I wish I’d known what royalties really mean – 6% of the cover price means that an author gets pennies, or cents from each book – not, as some people seem to assume, the full cover price of each book. I wish! When I had my first book on the shelves locally, they had ten copies – this was of course 20 years ago. All ten copies sold and I was ecstatic – until someone pointed out that this mad made me less than 50p or $1. International sales – Japan, Europe, Australia etc will all add to this - but not all books go to all territories and that all needs time to build up again – and different authors, different lines will sell at different rates.

Serious money only comes in with a backlog of books behind you and a reader base built up.

I wish I’d known as well as I know now that every author struggles at some point – that when a book goes on the shelves it shows no sign of the blood sweat and tears that maybe went into it – one that ‘wrote itself ‘ looks just the same as a book an author struggled to the death with.

I wish I’d understood the importance of targeting in series romance. That the subtle but distinct differences between the lines matter and you need to know which line you’re aiming at, the type of story they’re looking for, the types of characters .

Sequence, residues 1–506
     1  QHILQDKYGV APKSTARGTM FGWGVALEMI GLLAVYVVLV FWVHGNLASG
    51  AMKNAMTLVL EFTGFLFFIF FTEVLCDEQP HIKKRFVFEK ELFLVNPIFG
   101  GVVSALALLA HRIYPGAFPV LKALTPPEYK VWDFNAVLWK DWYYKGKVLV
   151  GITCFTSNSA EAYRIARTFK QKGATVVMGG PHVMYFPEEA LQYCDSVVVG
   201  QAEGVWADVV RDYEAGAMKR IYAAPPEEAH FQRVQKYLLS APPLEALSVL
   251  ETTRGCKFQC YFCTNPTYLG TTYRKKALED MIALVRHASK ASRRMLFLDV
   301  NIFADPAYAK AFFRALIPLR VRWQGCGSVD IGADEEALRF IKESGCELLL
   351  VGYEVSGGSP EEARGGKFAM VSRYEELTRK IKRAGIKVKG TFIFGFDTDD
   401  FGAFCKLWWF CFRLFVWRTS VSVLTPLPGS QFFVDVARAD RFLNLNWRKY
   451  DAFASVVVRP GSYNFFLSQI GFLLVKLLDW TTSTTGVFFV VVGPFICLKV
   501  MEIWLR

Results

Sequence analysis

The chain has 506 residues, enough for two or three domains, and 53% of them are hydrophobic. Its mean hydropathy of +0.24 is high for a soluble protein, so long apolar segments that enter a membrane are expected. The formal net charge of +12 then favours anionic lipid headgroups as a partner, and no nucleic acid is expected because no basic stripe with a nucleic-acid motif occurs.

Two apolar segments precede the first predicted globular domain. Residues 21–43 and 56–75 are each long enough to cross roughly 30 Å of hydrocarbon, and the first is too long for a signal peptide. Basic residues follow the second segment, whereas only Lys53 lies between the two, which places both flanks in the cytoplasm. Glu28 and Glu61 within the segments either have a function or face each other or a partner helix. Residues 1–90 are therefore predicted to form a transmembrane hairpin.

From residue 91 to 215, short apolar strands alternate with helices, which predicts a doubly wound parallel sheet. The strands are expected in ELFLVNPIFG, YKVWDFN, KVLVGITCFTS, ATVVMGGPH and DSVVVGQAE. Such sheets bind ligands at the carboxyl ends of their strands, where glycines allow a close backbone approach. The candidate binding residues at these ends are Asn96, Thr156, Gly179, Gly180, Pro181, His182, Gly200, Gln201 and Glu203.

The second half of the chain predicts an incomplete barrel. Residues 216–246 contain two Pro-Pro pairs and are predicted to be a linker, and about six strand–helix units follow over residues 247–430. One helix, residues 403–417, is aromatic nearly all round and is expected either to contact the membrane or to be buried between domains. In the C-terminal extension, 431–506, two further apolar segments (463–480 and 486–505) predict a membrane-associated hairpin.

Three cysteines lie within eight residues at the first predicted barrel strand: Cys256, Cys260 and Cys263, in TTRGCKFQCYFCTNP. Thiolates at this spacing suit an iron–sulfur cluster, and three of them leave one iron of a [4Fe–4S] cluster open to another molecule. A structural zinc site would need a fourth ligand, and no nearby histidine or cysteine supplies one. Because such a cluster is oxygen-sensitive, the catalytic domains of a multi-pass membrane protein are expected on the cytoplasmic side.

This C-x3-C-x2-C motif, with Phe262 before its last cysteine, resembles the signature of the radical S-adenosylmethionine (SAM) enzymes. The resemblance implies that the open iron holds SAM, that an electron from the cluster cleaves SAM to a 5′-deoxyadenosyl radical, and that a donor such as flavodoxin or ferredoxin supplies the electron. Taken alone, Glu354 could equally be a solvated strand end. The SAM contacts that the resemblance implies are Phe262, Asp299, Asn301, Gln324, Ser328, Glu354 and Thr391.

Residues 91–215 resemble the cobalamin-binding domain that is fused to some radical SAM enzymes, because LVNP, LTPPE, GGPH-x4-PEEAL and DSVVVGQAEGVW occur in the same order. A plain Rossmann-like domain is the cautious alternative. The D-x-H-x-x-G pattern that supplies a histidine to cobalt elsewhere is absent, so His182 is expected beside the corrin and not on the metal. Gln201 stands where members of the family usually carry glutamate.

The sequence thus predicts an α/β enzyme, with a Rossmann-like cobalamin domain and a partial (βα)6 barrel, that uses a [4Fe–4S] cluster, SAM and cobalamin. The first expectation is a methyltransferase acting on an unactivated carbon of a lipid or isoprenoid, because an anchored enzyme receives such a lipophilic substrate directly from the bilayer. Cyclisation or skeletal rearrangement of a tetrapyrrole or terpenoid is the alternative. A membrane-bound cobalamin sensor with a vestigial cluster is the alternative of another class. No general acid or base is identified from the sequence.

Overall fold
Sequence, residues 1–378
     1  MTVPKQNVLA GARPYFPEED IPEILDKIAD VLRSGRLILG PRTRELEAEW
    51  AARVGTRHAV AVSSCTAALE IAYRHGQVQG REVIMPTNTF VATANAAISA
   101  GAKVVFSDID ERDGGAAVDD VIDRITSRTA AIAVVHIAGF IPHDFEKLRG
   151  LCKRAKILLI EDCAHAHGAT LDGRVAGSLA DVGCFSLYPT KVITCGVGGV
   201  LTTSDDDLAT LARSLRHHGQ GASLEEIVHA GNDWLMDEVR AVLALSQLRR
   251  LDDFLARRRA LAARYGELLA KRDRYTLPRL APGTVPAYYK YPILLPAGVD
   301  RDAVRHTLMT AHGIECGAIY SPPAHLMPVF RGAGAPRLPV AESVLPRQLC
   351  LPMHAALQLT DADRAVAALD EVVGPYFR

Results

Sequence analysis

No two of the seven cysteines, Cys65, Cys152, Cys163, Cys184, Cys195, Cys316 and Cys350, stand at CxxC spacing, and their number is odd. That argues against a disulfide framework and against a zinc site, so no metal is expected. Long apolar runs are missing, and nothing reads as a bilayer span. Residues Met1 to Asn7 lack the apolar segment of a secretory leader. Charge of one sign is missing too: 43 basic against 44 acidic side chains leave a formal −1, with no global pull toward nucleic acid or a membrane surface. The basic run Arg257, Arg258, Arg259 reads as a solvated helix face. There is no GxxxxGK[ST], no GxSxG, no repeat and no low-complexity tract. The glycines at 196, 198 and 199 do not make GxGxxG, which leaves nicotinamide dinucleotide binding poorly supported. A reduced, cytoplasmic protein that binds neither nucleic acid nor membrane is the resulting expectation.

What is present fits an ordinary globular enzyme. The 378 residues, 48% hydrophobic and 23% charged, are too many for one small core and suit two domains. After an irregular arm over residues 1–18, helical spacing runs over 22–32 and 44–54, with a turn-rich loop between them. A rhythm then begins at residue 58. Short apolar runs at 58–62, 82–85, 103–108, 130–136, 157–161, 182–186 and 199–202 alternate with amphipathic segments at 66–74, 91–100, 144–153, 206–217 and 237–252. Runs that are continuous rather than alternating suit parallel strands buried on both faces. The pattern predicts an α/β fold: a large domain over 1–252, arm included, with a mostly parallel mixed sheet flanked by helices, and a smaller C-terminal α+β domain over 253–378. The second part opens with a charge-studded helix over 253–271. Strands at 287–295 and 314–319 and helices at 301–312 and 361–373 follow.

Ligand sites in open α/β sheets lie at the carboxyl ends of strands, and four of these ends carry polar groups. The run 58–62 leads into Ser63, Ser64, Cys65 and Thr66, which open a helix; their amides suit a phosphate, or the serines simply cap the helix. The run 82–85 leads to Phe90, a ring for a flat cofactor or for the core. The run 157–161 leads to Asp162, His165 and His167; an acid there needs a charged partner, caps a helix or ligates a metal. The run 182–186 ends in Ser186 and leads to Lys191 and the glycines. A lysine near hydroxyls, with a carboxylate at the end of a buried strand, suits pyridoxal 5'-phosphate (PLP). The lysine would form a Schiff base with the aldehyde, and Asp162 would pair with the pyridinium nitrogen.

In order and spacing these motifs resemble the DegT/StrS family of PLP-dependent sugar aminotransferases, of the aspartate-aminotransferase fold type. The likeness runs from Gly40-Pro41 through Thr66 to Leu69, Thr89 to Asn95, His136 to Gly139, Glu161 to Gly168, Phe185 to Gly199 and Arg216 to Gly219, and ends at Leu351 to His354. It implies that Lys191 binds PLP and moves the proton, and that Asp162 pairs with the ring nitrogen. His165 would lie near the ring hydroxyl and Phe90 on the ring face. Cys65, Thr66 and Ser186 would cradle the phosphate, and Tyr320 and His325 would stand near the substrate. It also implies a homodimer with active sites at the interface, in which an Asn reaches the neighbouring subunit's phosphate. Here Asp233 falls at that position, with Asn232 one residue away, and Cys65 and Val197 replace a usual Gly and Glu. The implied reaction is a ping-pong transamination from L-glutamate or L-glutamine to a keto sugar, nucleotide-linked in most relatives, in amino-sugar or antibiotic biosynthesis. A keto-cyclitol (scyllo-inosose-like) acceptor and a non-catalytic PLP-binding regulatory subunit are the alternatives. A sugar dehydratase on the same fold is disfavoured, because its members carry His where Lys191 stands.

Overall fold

Finally my real word of advice is –

If you don’t enjoy the journey then don’t set out. If all you want is to get to that destination - Publicationville – then I can’t guarantee that. There is no map, no writer’s course, no critique than can. But if you want to write and you enjoy writing and you keep at it and you keep learning, and if you have talent - then one day you never know – you might get to that destination. And then a whole new journey will start out – that of being a published, professional author and you’ll need to keep doing it again and again and again – but this time with deadlines.

So there are the answers to L’s questions. I’m not sure they’re the ones she or many others want to hear. There is a myth that the HMB ‘formula’ is not one for writing a book but one that goes like this:

Dash off one short romance (they’re all the same, of course) + Sell it to Mills & Boon = Instant huge fortune and a place in tax exile.

Well, if you believe that then you should be writing fairy stories.
I love my job. I wouldn’t want to do anything else. But nine days out of ten – 99 out of 100 – it isn’t glamorous or easy and working to a deadline is not really my idea of fun. It’s a job as well as a delight when it’s going right and blood sweat and tears when it isn’t.

Like I said, the important thing is to want to go on that journey and to enjoy the travelling because you may never get there. The truth is that even if I wasn’t published, I would still be writing – I would have to – how would I get rid of all these people and their stories that are inside my head? They would have to come out either in a published book or just in some computer file that only I would ever look at.

So I'd write, no matter what. I'm truly lucky that people enjoy what I write enough to want to publish it. And then more - many more people - enjoy it enough to pay money to read it. But I'd still write even if they didn't.